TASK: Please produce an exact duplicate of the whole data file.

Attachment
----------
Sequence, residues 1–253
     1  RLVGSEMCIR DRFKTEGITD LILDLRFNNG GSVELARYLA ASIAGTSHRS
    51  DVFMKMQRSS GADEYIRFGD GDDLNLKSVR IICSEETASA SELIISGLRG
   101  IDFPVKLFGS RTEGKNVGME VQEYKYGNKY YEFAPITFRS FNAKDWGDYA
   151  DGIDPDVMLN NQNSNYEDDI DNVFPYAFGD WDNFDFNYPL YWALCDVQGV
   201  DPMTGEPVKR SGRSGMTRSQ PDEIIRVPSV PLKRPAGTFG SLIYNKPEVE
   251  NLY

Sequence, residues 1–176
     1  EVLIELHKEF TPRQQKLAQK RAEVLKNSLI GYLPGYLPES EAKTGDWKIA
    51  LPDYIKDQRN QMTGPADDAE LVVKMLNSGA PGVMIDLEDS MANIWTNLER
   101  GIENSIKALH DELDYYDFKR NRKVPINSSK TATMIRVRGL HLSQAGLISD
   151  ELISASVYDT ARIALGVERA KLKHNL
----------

Sequence, residues 1–253
     1  RLVGSEMCIR DRFKTEGITD LILDLRFNNG GSVELARYLA ASIAGTSHRS
    51  DVFMKMQRSS GADEYIRFGD GDDLNLKSVR IICSEETASA SELIISGLRG
   101  IDFPVKLFGS RTEGKNVGME VQEYKYGNKY YEFAPITFRS FNAKDWGDYA
   151  DGIDPDVMLN NQNSNYEDDI DNVFPYAFGD WDNFDFNYPL YWALCDVQGV
   201  DPMTGEPVKR SGRSGMTRSQ PDEIIRVPSV PLKRPAGTFG SLIYNKPEVE
   251  NLY

Sequence, residues 1–176
     1  EVLIELHKEF TPRQQKLAQK RAEVLKNSLI GYLPGYLPES EAKTGDWKIA
    51  LPDYIKDQRN QMTGPADDAE LVVKMLNSGA PGVMIDLEDS MANIWTNLER
   101  GIENSIKALH DELDYYDFKR NRKVPINSSK TATMIRVRGL HLSQAGLISD
   151  ELISASVYDT ARIALGVERA KLKHNL